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Pentagon Releases Details Of Investigation Into Former Marine Commandant
A review of the Inspector General’s investigation into former Commandant of the Marine Corps Gen. James Amos provides new insight on the Marine leaders’ priorities following the 2011 Taliban urination scandal.
In a long-form report for Marine Corps Times, Andrew deGrandpre writes that the findings in the report may raise questions about the thoroughness of the inspector general investigation, and that “to Amos' harshest critics, the IG's findings are rife with shortcomings and oversights, at best a demonstration of incompetence and at worst a whitewash.”
The inspector general’s report was finalized in November 2013, but was only made public after a federal judge in Houston, Texas, ordered its release last month, the Marine Corps Times reports.
The report details the handling of James Brandon Conway’s promotion to lieutenant colonel, at a time when Amos barred Marines in Conway’s unit from similar career advancing moves, which led to allegations of favoritism, as Conway’s father was Amos’ predecessor as commandant, retired Gen. James Conway.
After the video surfaced showing Marine snipers urinating on the bodies of dead Taliban fighters, Amos placed a hold on all moves, including promotions, within 3rd Battalion, 2nd Marine Regiment, the snipers’ unit.
The inspector general’s investigation cleared Amos of wrongdoing, and found that his decision-making in Conway’s case was “reasonable” and not an example of favoritism. Following the urination scandal, Amos was also accused of pressuring top officers to pursue harsher charges against the snipers in the video. Another inspector general’s investigation cleared him of that, as well.
Cases involving individuals like Amos are referred to as ISOs, or investigations of senior officials and typically have two investigators, a lead and a back up, explained Marguerite Garrison to Marine Corps Times. Garrison is a retired Army colonel and oversaw the inspector general's investigation on Amos.
"It's so easy to be a Monday morning quarterback and second guess 'well, why didn't you go down this line?' But that's why we have to do re-interviews of folks," Garrison told the Marine Corps Times. "As a rule," she added, "I believe that our investigations are thorough."
However, not everyone is satisfied with the reports’ finding.
“Amos' [unlawful command influence] was judicially admitted to a military judge in writing by Marine Corps prosecutors assigned with the unenviable task of explaining and minimizing Amos’ misconduct,” said Lee Thweatt, a former Marine judge advocate who provided the inspector general’s report to the Marine Corps Times. “Yet the IG didn't even discuss that striking judicial admission in its report. The IG ended up becoming part of the problem instead of part of the solution. Worse, they fought for over a year in federal court to prevent the Freedom of Information Act from shedding light on their reports.”
It is impossible to tune out news about the impeachment inquiry into President Donald Trump now that the hearings have become public. And this means that cable news networks and Congress are happier than pigs in manure: this story will dominate the news for the foreseeable future unless Angelina Jolie and Brad Pitt get back together.
But the wall-to-wall coverage of impeachment mania has also created a news desert. To those of you who would rather emigrate to North Korea than watch one more lawmaker grandstand for the cameras, I humbly offer you an oasis of news that has absolutely nothing to do with Washington intrigue.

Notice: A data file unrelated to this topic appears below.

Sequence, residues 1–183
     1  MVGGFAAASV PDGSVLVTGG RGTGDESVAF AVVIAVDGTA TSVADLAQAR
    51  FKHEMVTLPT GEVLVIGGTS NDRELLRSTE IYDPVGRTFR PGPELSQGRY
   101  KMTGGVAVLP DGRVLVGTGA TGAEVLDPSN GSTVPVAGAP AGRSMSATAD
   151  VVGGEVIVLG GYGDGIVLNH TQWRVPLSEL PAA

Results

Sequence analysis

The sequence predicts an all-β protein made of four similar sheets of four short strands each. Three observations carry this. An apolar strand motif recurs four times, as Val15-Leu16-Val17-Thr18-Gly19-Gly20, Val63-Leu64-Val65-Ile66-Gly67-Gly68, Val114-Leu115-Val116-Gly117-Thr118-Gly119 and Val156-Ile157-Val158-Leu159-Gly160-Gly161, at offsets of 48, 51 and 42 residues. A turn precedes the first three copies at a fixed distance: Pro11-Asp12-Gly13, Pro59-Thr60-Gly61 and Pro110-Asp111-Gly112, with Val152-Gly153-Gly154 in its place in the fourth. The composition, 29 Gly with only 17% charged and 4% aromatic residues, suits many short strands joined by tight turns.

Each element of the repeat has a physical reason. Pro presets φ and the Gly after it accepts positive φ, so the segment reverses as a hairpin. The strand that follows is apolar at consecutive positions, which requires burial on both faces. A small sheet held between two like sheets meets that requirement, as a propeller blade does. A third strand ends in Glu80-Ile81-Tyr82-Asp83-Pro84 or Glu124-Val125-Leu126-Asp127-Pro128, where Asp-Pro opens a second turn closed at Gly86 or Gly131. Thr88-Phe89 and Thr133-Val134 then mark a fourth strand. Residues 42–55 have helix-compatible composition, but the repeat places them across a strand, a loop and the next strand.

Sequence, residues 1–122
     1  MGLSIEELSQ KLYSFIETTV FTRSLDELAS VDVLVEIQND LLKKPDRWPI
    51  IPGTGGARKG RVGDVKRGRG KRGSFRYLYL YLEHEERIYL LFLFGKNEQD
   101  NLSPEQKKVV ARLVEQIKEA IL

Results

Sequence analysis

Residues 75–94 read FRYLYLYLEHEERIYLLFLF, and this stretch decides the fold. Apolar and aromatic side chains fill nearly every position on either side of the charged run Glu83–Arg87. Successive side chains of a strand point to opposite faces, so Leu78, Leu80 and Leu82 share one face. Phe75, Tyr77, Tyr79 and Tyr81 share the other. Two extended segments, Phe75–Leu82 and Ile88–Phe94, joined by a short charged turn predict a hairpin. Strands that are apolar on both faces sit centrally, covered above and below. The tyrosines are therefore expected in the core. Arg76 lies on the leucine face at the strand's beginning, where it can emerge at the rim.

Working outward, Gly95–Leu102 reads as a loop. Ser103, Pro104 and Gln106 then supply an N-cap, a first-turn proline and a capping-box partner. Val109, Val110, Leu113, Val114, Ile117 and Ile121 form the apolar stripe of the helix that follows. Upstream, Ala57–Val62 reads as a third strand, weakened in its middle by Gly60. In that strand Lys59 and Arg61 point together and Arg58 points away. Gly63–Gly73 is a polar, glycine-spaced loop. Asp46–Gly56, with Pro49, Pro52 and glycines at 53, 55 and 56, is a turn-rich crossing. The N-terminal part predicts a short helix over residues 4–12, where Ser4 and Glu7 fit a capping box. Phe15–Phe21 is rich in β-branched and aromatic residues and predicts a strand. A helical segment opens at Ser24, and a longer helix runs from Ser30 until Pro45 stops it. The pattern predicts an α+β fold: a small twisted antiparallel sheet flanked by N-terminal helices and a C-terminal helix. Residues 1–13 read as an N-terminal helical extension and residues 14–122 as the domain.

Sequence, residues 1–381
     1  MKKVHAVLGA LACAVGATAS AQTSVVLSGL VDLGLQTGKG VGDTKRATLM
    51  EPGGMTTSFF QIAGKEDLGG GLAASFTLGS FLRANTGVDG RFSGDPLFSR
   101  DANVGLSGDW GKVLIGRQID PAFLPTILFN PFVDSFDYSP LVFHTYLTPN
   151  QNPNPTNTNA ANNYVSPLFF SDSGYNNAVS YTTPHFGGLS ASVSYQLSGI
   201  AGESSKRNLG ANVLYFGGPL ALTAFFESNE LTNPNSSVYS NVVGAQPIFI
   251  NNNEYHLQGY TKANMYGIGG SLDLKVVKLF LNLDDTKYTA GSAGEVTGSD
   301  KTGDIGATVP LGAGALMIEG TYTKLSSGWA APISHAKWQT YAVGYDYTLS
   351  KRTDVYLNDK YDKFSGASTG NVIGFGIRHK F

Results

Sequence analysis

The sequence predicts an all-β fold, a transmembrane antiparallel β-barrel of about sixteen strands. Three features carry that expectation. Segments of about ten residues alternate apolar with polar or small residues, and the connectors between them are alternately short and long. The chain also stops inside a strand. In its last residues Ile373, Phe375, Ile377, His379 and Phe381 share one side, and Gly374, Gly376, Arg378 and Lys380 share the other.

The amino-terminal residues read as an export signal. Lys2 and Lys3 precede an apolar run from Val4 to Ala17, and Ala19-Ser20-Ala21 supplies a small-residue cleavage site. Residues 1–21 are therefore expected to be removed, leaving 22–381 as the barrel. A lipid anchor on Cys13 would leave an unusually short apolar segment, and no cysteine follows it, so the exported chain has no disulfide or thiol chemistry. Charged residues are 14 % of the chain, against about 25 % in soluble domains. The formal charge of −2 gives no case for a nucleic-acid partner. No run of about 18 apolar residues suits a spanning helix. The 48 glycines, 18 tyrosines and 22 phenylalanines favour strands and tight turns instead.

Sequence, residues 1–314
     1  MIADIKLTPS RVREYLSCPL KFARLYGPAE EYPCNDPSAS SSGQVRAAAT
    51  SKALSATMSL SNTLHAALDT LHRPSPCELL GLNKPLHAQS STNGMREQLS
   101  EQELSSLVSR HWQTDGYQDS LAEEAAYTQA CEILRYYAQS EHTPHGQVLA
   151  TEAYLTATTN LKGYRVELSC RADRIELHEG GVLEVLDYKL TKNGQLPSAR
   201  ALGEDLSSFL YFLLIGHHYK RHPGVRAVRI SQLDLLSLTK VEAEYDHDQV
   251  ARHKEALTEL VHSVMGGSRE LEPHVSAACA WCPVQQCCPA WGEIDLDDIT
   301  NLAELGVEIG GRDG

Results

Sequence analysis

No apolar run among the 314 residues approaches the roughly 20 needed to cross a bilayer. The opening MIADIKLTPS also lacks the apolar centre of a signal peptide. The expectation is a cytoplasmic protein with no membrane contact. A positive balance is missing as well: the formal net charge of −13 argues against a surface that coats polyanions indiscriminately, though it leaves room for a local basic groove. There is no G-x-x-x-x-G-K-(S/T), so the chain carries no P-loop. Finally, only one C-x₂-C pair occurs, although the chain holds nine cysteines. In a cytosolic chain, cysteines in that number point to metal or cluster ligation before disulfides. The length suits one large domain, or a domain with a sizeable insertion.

MOSCOW (Reuters) - Russia will return three captured naval ships to Ukraine on Monday and is moving them to a handover location agreed with Kiev, Crimea's border guard service was cited as saying by Russian news agencies on Sunday.
A Reuters reporter in Crimea, which Russian annexed from Ukraine in 2014, earlier on Sunday saw coastguard boats pulling the three vessels through the Kerch Strait toward the Black Sea where they could potentially be handed over to Ukraine.
Nine years after losing both legs in Afghanistan, he's found purpose in family, friends and inspiring others
There's a joke that Joey Jones likes to use when he feels the need to ease the tension in a room or in his own head.
To calm himself down, he uses it to remind himself of the obstacles he's had to overcome. When he faces challenges today — big or small — it brings him back to a time when the stakes were higher.
Jones will feel out a room before using the line. For nearly a decade, Jones, 33, has told his story to thousands of people, given motivational speeches to NFL teams and acted alongside a three-time Academy Award-winning actor.
On Tuesday afternoon, he stood at the front of a classroom at his alma mater, Southeast Whitfield High School in Georgia. The room was crowded with about 30 honor students.
It took about 20 minutes, but Jones started to get more comfortable as the room warmed up to him. A student asked about how he deals with post-traumatic stress disorder.
"I believe in post-traumatic growth," Jones said. "That means you go through tough and difficult situations and on the back end through recovery, you learn strength."
It didn't take long for a central theme to emerge at the funeral of U.S. Marine Pfc. Joseph Livermore, an event attended by hundreds of area residents Friday at Union Cemetery in Bakersfield.
It's a theme that stems from a widespread local belief that the men and women who have served in the nation's armed forces are held in particularly high esteem here in the southern valley.
"In Bakersfield and Kern County, we celebrate our veterans like no place else on Earth," Bakersfield Chief of Police Lyle Martin told the gathering of mourners.